HRC’s Corporate Equality Index Ranks High With America’s Top Law Firms
March 25, 2009
HRC's General Counsel Rob Falk lays out an airtight argument for why law firms should not only participate in HRC's annual Corporate Equality Index (CEI) survey, but why they should actively work to rank among the highest scores. After all, as Rob writes in the March/April 2009 Minority Corporate Counsel publication Diversity & The Bar, the CEI is a tool used by many top-level managers and in-house counsel to determine which companies will benefit from their business:
In-house counsel report that they do pay attention to ratings when evaluating firms under consideration for their business, and HRC-rated law firms report that they receive positive feedback from their clients. Wayne Sobon, associate general counsel and director of intellectual property for Accenture, reports that it's extremely helpful that the CEI has been expanding the ratings of major law firms. "As a signatory to the Call to Action, Accenture is committed to diversity," he explains. "The CEI report is a tool that will help us examine where our existing legal vendors stand. It will also allow us to approach those firms who have room for improvement, so we can open up the dialogue around opportunities for advancement." Charlie Berardesco, senior vice president and general counsel of Constellation Energy Group, reports that, as a matter of course, he looks at the CEI annually to see the scores earned by the firms that he uses on a regular basis. For him, a law firm's commitment to diversity is a factor that he considers in determining whether to engage a firm in the first place, or whether the firm receives referrals for new matters. Other in-house law departments use the CEI as a tool for initiating dialogue with their outside counsel. Phillip Wells, senior vice president and general counsel of the Compass Group, relates that in his annual review of the CEI, he noticed that one of the national firms with which his company did a great deal of business scored poorly on the CEI. Upon further research, he also found the firm rated poorly for issues affecting women and other minority groups. He called the engagement partner at the firm and expressed his extreme concern regarding their performance. Within three years of that conversation, the firm dramatically improved its score on the CEI and other measures of diversity. Wells states that the CEI will be one of the metrics that his company will use in evaluating outside firms in 2009, and in holding them accountable for results. Some in-house counsel use the CEI for evaluation purposes. Kent Crowl, senior legal counsel and co-chair of Shell Oil Company's diversity council, explains, "We will be using the CEI this year as part of our diversity conversation with our outside counsel. The CEI gives us a readily available metric on how our vendors our doing in this arena, how they are doing in comparison with their competitors, and how much they value inclusiveness. Given that Shell scored 100 on the CEI, we are interested in law firms that share our values." Barbara Berish Brown, chair of Paul Hastings' Washington, D.C., office, notes that her firm participates in the CEI because diversity is an important part of the firm's culture and it helps her firm attract and retain exceptional attorneys. She states, however, that she is "always pleasantly surprised when my clients come to me and express their appreciation for our 100% score. It shows that they are paying attention to the CEI report."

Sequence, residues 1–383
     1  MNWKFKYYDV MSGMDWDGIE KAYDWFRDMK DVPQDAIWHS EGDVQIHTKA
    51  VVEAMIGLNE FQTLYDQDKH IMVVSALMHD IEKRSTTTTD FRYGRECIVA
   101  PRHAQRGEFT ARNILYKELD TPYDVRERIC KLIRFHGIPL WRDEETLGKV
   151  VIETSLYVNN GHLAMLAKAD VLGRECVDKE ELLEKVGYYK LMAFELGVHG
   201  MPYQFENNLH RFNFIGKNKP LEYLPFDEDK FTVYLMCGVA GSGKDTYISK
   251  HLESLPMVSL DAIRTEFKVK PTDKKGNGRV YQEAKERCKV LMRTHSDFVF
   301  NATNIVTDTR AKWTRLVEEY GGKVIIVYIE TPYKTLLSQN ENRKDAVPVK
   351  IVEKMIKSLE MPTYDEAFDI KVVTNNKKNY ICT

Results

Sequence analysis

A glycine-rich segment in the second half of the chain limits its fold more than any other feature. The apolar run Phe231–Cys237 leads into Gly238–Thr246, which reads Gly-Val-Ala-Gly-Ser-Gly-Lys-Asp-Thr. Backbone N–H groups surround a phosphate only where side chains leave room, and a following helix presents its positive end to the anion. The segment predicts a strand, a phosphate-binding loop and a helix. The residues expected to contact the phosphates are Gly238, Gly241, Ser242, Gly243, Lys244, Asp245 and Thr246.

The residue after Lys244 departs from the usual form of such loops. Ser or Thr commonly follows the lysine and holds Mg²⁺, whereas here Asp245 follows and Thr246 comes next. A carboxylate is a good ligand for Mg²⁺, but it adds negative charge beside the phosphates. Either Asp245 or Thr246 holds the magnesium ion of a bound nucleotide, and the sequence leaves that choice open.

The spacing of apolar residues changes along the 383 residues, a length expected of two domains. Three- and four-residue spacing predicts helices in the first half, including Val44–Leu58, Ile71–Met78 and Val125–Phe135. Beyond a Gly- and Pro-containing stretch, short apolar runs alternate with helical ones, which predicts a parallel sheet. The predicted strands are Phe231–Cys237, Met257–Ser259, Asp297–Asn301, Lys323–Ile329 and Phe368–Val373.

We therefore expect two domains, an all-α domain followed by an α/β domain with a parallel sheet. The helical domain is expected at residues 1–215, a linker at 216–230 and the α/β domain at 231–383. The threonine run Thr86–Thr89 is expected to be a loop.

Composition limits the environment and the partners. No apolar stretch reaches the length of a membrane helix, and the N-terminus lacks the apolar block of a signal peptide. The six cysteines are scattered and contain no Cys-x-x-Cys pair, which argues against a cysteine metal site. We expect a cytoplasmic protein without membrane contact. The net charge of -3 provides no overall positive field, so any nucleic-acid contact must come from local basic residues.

The launch of the next CEI survey is less than two weeks away. Businesses with more than 500 full-time employees are eligible to participate in the CEI. For law firms, this includes partners, associates, and other full-time employees. 120 law firms were rated in the 2009 Corporate Equality Index. Sixty-four earned the top rating of 100 percent, compared to 30 the previous year, and 45 law firms earned ratings of 80 percent or above. Firms interesting in participating in the CEI should email [email protected] for more information on how to participate.
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